Nonprofit organizations have a lot to juggle when they decide to update their website. The important thing to remember is that these changes will not happen overnight and will take time, patience, and hard work to get the desired results. In order for nonprofit organizations to be as successful as possible on the web, there are a few steps they need to follow in order to have a well-designed site. Here’s the web design guide to follow:

1. Setting expectations in the Statement of Work (or SOW).

The SOW is an addition to your contract with your client. It lays out clear expectations about deliverables, milestones, how many revisions are allowed, and final deadlines.

2. Onboarding.

Before any design is done, we want to get on the same page as you. To prepare, start to think through these types of questions:

  • What are you trying to accomplish?
  • What design requirements do you have?
  • What is up for exploration?
  • Do you have any examples that you love? Why?
  • What do we want the users to feel when they see the design?
  • Are there any important keywords that should align with (like bright, cheerful, mysterious, child-like, etc)?
  • Who is using this website? Who is the target audience?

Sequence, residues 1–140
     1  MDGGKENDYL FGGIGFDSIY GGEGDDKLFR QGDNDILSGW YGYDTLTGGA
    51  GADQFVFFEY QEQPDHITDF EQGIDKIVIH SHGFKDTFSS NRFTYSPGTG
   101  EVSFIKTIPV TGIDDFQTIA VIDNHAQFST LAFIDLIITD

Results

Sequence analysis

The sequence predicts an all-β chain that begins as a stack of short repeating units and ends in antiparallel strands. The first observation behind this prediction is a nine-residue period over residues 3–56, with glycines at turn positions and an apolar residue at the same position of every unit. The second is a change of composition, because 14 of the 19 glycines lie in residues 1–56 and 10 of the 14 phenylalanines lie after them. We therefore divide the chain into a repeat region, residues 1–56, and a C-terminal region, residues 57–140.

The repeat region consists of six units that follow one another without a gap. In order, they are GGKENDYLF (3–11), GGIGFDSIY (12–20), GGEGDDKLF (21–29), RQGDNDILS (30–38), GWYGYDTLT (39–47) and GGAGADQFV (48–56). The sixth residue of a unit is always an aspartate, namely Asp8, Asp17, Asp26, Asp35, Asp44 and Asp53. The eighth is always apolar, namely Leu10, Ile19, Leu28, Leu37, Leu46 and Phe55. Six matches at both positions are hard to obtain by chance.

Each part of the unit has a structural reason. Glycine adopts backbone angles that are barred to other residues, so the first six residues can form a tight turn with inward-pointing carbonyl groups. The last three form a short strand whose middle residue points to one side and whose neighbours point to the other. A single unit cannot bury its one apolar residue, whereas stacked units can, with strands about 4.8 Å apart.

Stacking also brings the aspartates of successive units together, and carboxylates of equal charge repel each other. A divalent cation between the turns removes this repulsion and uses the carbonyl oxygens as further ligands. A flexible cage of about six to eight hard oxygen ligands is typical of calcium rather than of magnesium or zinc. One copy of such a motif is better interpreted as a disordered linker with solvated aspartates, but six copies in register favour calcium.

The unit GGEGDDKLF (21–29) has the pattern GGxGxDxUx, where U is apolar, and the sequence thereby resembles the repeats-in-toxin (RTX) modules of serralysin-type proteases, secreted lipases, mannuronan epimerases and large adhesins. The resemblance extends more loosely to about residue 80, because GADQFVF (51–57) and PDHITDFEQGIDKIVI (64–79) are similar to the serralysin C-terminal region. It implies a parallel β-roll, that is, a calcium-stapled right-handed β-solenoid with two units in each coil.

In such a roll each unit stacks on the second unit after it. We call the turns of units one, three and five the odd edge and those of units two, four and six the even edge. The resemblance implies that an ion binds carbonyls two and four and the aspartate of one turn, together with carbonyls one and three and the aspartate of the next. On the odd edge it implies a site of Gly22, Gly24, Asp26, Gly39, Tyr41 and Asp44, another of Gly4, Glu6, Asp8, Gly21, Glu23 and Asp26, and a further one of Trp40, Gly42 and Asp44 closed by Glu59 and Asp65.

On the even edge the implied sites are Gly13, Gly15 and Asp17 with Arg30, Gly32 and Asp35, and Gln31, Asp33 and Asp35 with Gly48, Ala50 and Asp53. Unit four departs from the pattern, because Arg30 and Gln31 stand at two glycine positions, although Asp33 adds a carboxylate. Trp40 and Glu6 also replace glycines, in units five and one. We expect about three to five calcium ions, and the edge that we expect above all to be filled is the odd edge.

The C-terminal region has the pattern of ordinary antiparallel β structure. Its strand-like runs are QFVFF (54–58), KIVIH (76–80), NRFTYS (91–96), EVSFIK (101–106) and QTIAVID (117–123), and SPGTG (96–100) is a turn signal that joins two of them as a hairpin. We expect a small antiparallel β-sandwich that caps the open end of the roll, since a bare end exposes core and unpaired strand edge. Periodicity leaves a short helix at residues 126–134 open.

• What does the target audience like and what styles are they drawn to? (We your nonprofit to succeed, which means often designing with your donor, client, and supporter in mind.)

3. Research.

All good design work starts with research. We will look at the your competition to get a good understanding of what is done in your field. We’ll look at the top trends, searching for amazing examples that match what you described.

4. Stylescapes.

At our agency, we like to design a collage of sorts called stylescapes. These explore design styles, color palettes, typography, use of photography to find the right approach. We will present these to our clients before to find the right step towards our big goal.

5. Storytelling.

While the design research and exploration is going, we will need content. If you insists on creating their content, we will need to collect it before the design phase (with tools like GatherKit.)

6. Wireframing.

Most designers like to start with a rough wireframe to plan out the content, photos, and call-to-action buttons. This will help make sure that the flow feels right before any design is added.

7. Designing.

Once the wireframe is set and stylescapes approved, it is a matter of bringing it all together! We like to start small by designing only one page and getting your feedback before designing the whole website.

8. Presenting.

The final web design guide is to present the design to you via Zoom or a video recording you can rewatch. It’s important because we want to share our process and explain why we made the design decisions we did. We can chat together on what feels right for the brand and what could be improved. From there, it’s revisions until that final approval.

Creating an amazing web design is a detailed process. This will help you create a site that meets these needs while aligning with your client’s needs for brand growth, storytelling, and user experience.